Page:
The Exciting Virtual Reality Ride of “Idlewild”
by Michelle Evans, November 2003
“Every kid starts out curious,” writer Nick Sagan told me during a recent interview.
The occasion was a discussion concerning his first novel, Idlewild. Although Nick has written for television shows such as Star Trek Voyager and even the offbeat children’s animated show Captain Simian and the Space Monkeys, he had never tackled a science fiction hardback before.
His personal curiosity definitely comes across in Idlewild. It was instilled in him as a child by his famous father, scientist Carl Sagan, and his mother, artist and screenwriter Linda Salzman.
Nick told me that Carl “engendered within me an absolute awe and wonder about the universe and the way things work. It was such a benefit as a kid growing up to have a curiosity to understand why things are the way they are. Unfortunately, I think that it’s discouraged instead of encouraged in a lot of schooling. Schools exist for the awakening of that kind of curiosity; turning out young kids who are excited about discovering the truth. A lot of schools are only keeping kids off the streets until they are 18, kind of crushing their individuality.”
Nick’s book Idlewild is definitely about discovering individuality. It is a science fiction, fantasy, mystery novel where the lead character must literally find out who he is, where he is, and what is his purpose in life.
The character’s name is Halloween. Considering the gothic surroundings he wakes up to, it is certainly an appropriate name. He quickly realizes that he is in some sort of virtual reality (VR) construct and that he has very nearly died, most likely as the result of an attempted murder. Why this would be done to him and what is the true reality of the world he lives in are the ideas that propel us through this excellent work. Even when you think you have it all figured out, there’s definitely more surprises in store for the reader. The abrupt ending leads you to ask why it has to end at that point. When the central mystery is solved, you desire to follow the characters to see where this will all lead. However, it is a wonderful set up to take us to the next installment of what Nick promises will be a trilogy.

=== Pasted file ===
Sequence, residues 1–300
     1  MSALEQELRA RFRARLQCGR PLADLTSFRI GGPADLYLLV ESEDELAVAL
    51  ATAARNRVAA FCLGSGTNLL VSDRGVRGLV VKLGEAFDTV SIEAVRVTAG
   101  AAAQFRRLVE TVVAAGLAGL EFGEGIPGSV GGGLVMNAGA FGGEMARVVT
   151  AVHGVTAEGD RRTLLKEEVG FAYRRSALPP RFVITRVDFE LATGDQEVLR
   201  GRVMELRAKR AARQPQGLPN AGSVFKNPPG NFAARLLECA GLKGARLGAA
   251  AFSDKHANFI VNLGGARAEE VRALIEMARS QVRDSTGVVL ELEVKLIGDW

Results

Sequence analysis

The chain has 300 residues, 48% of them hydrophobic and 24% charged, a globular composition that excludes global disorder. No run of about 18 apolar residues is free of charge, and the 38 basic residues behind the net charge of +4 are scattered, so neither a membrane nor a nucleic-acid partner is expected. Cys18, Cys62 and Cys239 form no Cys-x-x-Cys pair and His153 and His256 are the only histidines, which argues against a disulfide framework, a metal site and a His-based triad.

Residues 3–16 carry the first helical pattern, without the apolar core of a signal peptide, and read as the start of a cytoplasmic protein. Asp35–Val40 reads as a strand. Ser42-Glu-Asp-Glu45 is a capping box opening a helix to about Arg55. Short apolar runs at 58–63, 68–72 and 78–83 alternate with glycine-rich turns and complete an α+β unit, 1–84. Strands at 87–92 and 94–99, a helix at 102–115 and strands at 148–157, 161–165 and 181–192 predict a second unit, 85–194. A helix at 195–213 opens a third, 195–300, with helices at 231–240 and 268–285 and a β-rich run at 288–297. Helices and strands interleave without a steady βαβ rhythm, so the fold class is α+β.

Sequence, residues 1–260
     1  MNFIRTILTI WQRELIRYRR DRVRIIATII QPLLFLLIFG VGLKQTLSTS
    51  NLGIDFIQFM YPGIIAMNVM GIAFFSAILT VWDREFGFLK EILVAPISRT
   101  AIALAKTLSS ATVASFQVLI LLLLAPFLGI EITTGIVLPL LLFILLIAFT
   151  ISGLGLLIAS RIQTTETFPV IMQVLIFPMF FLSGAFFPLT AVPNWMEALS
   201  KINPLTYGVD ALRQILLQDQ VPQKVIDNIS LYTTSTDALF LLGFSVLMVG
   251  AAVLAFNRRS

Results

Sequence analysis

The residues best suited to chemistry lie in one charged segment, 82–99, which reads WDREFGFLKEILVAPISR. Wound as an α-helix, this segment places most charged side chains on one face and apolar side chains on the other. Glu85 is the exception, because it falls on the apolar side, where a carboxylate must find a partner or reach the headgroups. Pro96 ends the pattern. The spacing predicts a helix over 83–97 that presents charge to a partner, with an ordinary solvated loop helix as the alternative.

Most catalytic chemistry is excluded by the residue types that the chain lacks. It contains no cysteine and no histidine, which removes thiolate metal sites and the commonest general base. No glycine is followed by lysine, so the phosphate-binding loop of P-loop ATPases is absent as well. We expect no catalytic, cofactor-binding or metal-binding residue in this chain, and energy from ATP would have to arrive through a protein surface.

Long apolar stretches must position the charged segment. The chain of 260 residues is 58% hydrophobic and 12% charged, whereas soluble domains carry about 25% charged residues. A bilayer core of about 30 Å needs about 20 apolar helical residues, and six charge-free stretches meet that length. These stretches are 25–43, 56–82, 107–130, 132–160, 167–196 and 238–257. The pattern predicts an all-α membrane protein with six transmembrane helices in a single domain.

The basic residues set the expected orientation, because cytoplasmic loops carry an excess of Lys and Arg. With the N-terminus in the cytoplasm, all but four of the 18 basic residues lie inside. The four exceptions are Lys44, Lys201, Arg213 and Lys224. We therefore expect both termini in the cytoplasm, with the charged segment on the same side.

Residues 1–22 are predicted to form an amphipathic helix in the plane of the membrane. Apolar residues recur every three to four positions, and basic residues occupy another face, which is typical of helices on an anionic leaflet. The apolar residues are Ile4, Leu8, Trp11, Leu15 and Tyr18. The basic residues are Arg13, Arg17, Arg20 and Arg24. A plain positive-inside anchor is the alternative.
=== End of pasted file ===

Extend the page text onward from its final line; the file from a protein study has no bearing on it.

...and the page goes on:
One thing that really stood out for me was his offbeat, whistling-in-the-dark, sense of the absurd.
“I will not deny that there is a wry sense of humor that infiltrates the book. There were a lot of moments in there where I was able to make myself laugh. I feel that if you can do that, then you are well ahead of the game,” he said.
I found his use of virtual reality as a setting by which to tell his story as an interesting juxtaposition about Nick’s real life upbringing.
Nick agreed that, “there were times growing up where I felt disconnected from my parents, and where my childhood took on a surreal quality, like watching Cosmos in science class – I’d go in and they’d show an episode, and I’d watch my dad speak to me through the television for an hour. Very strange. Both my parents seemed larger than life at that age, and I’m sure that influenced my story, both in the protagonist’s questions of identity, and in his (in this case justified) suspicions that reality is suspect.”
Virtual reality is a technology that holds tremendous potential. Where does Nick think that it may take us?
“I think that virtual reality will be the most seductive drug down the road. When technology gets better and better, it’s going to get to a point where people are going to want to spend more time doing that than anything else. I think that virtual reality will be used for a number of things, some good, some not so good. Education. Entertainment. I think that the sex industry will capitalize on it. I don’t think that we’re that far away from saying that, ‘this is my world,’ a place where you can tap in and customize to make the [VR] world as you see it.”
From the mind of Nick Sagan, who also happens to be one of Earth’s first ambassadors to the stars through his recording of “Hello from the children of Planet Earth,” for the Voyager records speeding through dark interstellar space, comes a first novel that should mark the beginnings of a great career for a new generation.